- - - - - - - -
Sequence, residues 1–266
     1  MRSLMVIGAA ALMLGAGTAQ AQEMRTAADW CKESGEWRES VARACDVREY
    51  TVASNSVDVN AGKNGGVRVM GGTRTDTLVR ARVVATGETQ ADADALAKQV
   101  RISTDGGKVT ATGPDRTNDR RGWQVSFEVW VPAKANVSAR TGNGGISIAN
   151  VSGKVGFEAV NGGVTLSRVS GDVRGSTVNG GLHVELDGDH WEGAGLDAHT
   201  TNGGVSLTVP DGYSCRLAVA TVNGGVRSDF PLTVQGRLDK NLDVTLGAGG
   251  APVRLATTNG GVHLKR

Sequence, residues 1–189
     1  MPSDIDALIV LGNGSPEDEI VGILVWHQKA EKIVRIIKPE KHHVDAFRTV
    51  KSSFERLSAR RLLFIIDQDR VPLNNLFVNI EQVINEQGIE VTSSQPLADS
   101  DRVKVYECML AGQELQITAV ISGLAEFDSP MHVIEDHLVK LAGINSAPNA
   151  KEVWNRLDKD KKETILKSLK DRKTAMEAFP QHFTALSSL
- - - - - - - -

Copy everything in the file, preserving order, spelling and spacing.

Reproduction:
Sequence, residues 1–266
     1  MRSLMVIGAA ALMLGAGTAQ AQEMRTAADW CKESGEWRES VARACDVREY
    51  TVASNSVDVN AGKNGGVRVM GGTRTDTLVR ARVVATGETQ ADADALAKQV
   101  RISTDGGKVT ATGPDRTNDR RGWQVSFEVW VPAKANVSAR TGNGGISIAN
   151  VSGKVGFEAV NGGVTLSRVS GDVRGSTVNG GLHVELDGDH WEGAGLDAHT
   201  TNGGVSLTVP DGYSCRLAVA TVNGGVRSDF PLTVQGRLDK NLDVTLGAGG
   251  APVRLATTNG GVHLKR

Sequence, residues 1–189
     1  MPSDIDALIV LGNGSPEDEI VGILVWHQKA EKIVRIIKPE KHHVDAFRTV
    51  KSSFERLSAR RLLFIIDQDR VPLNNLFVNI EQVINEQGIE VTSSQPLADS
   101  DRVKVYECML AGQELQITAV ISGLAEFDSP MHVIEDHLVK LAGINSAPNA
   151  KEVWNRLDKD KKETILKSLK DRKTAMEAFP QHFTALSSL